Ancient Beliefs of Vampires , Greek & Roman

Whether in ancient Greek or Roman myths, creatures with vampiric characteristics have found their way into folklore, legends, and the tales that have been passed down through the generations. In this article, you will learn a couple of instances concerning Roman and Greek interpretations of blood drinking and sucking the blood of victims.

Empusae , Greek Mythology

If you displayed the traits of a witch, then you may have been called Empusae, which refers to the demigoddess of Greek mythology. In later times, she transformed into a species of monsters led by Hecate , who was quite popular during early Mycenaean Greek days. Hecate was Empusa’s mother. The goddess has a reputation of drinking the blood of men that she had seduced. Her trickery included turning herself into a young woman and then waiting for the man to fall asleep before she feasted on their blood.

Empusa is often linked to or grouped with demigoddesses Lamia and Mormo, who later became known as a species of demon dwelling in the underworld. Over time, mythology would call these demons , lamias and mormolyceas.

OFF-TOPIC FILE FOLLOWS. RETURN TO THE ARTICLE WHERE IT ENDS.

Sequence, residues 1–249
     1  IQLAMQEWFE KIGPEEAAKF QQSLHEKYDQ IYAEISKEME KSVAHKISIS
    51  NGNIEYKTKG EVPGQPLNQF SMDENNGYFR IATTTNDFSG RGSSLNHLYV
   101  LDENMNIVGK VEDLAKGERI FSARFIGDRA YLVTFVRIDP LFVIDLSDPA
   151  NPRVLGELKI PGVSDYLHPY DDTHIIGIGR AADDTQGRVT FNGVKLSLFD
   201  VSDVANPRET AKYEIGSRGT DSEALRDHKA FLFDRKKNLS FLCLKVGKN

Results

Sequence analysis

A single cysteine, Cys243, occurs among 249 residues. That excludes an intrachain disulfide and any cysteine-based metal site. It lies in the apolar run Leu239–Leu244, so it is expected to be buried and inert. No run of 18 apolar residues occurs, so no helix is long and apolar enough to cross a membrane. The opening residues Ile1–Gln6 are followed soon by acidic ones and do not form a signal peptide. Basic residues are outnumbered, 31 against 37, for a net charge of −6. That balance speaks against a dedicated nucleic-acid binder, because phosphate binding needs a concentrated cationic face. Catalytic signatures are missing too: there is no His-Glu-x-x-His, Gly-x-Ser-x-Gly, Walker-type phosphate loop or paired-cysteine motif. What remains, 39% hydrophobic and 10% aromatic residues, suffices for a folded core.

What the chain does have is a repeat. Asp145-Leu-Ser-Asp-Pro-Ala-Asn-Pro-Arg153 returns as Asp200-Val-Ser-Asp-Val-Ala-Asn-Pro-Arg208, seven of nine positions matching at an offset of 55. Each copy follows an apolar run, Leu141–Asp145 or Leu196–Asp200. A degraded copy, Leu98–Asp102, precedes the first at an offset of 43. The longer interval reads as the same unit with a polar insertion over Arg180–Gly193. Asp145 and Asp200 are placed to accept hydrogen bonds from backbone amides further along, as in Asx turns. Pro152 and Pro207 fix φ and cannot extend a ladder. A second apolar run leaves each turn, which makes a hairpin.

Lamia , Greek Mythology

While she started off as a Queen of Libya, Lamia soon evolved in Greek mythology into a demon with an appetite for taking the lives of children. Lamia’s tale follows in line with the many Greco-Roman myths of her time that involved monsters of the female gender (like empusae and the mormolyces). Instead of being a full woman, Lamia is often described as half woman and half serpent. Her name comes from the Greek word for ‘gullet’ , which was given to her since she would kill human children.

The daughter of Poseidon (the god of water) and Lybie, Lamia was seen as the personification of Libya the country. The almighty Zeus had a soft spot for Lamia and because of this, when a jealous Hera found out about their love affair, she stole Lamia’s children away from her. This caused Lamia to tailspin into a deep depression, where she became a monster that took to murdering children.

Along the way, Zeus granted Lamia with the power to tell the future. It was his way of trying to smooth over the loss of her children. It is not unknown what exactly caused Lamia to turn into a monster. Most people would like to think that it was the loss of her children, while others believe Hera turned her into one. Nonetheless, Lamia would wait for young children to fall asleep in their beds and then suck their blood.

The Striges , Roman Mythology

Feeding on the blood of children, the striges also had young men in their sights when it came to searching for a feast. Also referred to as a strix or strixes, ancient Romans told legends about a creature that was seen as a nocturnal sort of bird that brought about bad luck and had a taste for feeding on the flesh and blood of humans , much like the vampire. A big difference between the striges and vampires was that they were not the product of something that had once been dead and had risen, but was actually something that evolved into an owl-like creature.